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Wednesday, July 15, 2015

Children's Health: Baby's first stool can alert doctors to future cognitive issues ♦ Brain study reveals insights into genetic basis of autism ♦ Why kids' recovery times vary widely after brain injury

Baby's first stool can alert doctors to future cognitive issues  A newborn's first stool can signal the child may struggle with persistent cognitive problems. In particular, high levels of fatty acid ethyl esters found in the meconium (a newborn's first stool) from a mother's alcohol use during pregnancy can alert doctors that a child is at risk for problems with intelligence and reasoning.
Plump cartoon characters provoke indulgent eating in kids Children consume more low-nutrition, high-calorie food such as cookies and candy after observing seemingly overweight cartoon characters.
Brain study reveals insights into genetic basis of autism A link between autism and genetic changes in some segments of DNA that are responsible for switching on genes in the brain has been uncovered by researchers. The human brain that identified more than 100 of these DNA segments, known as enhancers, which are thought to play a vital role in normal development by controlling gene activity in the brain.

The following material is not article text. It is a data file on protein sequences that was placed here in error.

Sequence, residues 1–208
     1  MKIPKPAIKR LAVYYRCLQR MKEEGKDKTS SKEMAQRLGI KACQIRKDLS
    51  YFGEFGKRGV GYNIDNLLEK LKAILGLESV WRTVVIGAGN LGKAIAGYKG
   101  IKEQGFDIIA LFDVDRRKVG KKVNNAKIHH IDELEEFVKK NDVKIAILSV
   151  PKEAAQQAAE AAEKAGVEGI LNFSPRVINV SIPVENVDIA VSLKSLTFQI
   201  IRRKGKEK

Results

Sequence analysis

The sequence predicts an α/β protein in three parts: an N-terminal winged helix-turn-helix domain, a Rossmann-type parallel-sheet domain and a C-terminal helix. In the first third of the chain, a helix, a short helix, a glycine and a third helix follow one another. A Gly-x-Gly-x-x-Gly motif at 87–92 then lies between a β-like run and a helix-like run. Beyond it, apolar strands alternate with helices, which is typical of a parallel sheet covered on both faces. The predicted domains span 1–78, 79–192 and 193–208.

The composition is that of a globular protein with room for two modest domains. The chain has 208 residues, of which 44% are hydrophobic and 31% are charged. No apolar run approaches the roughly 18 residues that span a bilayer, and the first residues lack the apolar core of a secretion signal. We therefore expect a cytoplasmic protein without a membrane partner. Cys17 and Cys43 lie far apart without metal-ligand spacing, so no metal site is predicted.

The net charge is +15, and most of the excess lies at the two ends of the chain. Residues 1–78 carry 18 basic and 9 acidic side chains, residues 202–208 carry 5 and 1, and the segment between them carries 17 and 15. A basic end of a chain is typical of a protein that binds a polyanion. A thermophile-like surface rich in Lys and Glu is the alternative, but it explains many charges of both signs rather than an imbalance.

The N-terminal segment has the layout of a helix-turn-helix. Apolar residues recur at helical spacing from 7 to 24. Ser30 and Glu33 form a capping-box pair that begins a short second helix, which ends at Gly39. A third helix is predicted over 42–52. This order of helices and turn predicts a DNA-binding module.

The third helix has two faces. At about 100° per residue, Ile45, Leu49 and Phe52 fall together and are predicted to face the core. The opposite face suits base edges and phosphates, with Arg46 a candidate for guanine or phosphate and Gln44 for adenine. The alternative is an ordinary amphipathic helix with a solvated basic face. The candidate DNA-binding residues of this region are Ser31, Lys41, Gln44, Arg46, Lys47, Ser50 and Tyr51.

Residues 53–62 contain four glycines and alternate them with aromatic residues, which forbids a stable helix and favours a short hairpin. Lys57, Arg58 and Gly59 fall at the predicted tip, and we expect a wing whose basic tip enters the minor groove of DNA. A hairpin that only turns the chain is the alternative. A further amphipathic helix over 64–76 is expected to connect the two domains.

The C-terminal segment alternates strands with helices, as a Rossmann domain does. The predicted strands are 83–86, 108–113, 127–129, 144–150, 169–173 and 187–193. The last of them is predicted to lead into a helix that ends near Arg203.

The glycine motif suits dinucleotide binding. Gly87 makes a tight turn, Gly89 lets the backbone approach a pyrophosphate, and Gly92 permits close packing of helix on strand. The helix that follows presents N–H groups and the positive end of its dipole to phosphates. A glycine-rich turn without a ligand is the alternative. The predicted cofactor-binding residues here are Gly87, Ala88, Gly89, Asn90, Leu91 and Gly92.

Why kids' recovery times vary widely after brain injury Why do some youngsters bounce back quickly from a traumatic brain injury, while others suffer for years? New research suggests that damage to the coating around the brain's nerve fibers may explain the difference. The finding identifies possible biomarkers that physicians could use to predict high-risk patients.
Kids expecting aggression from others become aggressive themselves Hypervigilance to hostility in others triggers aggressive behavior in children, says a new study. The four-year longitudinal study, the largest of its kind involving 1,299 children and their parents, finds the pattern holds true in 12 different cultural groups from nine different counties across the globe.

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